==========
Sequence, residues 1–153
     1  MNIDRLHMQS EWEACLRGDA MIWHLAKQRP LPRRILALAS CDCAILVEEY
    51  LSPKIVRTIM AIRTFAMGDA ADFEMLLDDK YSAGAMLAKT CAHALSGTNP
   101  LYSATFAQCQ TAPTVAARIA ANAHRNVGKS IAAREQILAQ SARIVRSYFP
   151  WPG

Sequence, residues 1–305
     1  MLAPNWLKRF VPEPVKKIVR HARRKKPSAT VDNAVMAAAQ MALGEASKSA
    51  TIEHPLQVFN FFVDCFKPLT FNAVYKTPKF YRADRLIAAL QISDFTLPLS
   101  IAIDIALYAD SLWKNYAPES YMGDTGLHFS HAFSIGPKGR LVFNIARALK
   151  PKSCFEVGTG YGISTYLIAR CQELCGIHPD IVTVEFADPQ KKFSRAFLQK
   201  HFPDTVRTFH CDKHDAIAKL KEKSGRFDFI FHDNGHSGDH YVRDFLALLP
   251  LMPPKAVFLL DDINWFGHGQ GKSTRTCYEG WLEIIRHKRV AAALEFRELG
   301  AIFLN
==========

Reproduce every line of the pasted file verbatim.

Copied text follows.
Sequence, residues 1–153
     1  MNIDRLHMQS EWEACLRGDA MIWHLAKQRP LPRRILALAS CDCAILVEEY
    51  LSPKIVRTIM AIRTFAMGDA ADFEMLLDDK YSAGAMLAKT CAHALSGTNP
   101  LYSATFAQCQ TAPTVAARIA ANAHRNVGKS IAAREQILAQ SARIVRSYFP
   151  WPG

Sequence, residues 1–305
     1  MLAPNWLKRF VPEPVKKIVR HARRKKPSAT VDNAVMAAAQ MALGEASKSA
    51  TIEHPLQVFN FFVDCFKPLT FNAVYKTPKF YRADRLIAAL QISDFTLPLS
   101  IAIDIALYAD SLWKNYAPES YMGDTGLHFS HAFSIGPKGR LVFNIARALK
   151  PKSCFEVGTG YGISTYLIAR CQELCGIHPD IVTVEFADPQ KKFSRAFLQK
   201  HFPDTVRTFH CDKHDAIAKL KEKSGRFDFI FHDNGHSGDH YVRDFLALLP
   251  LMPPKAVFLL DDINWFGHGQ GKSTRTCYEG WLEIIRHKRV AAALEFRELG
   301  AIFLN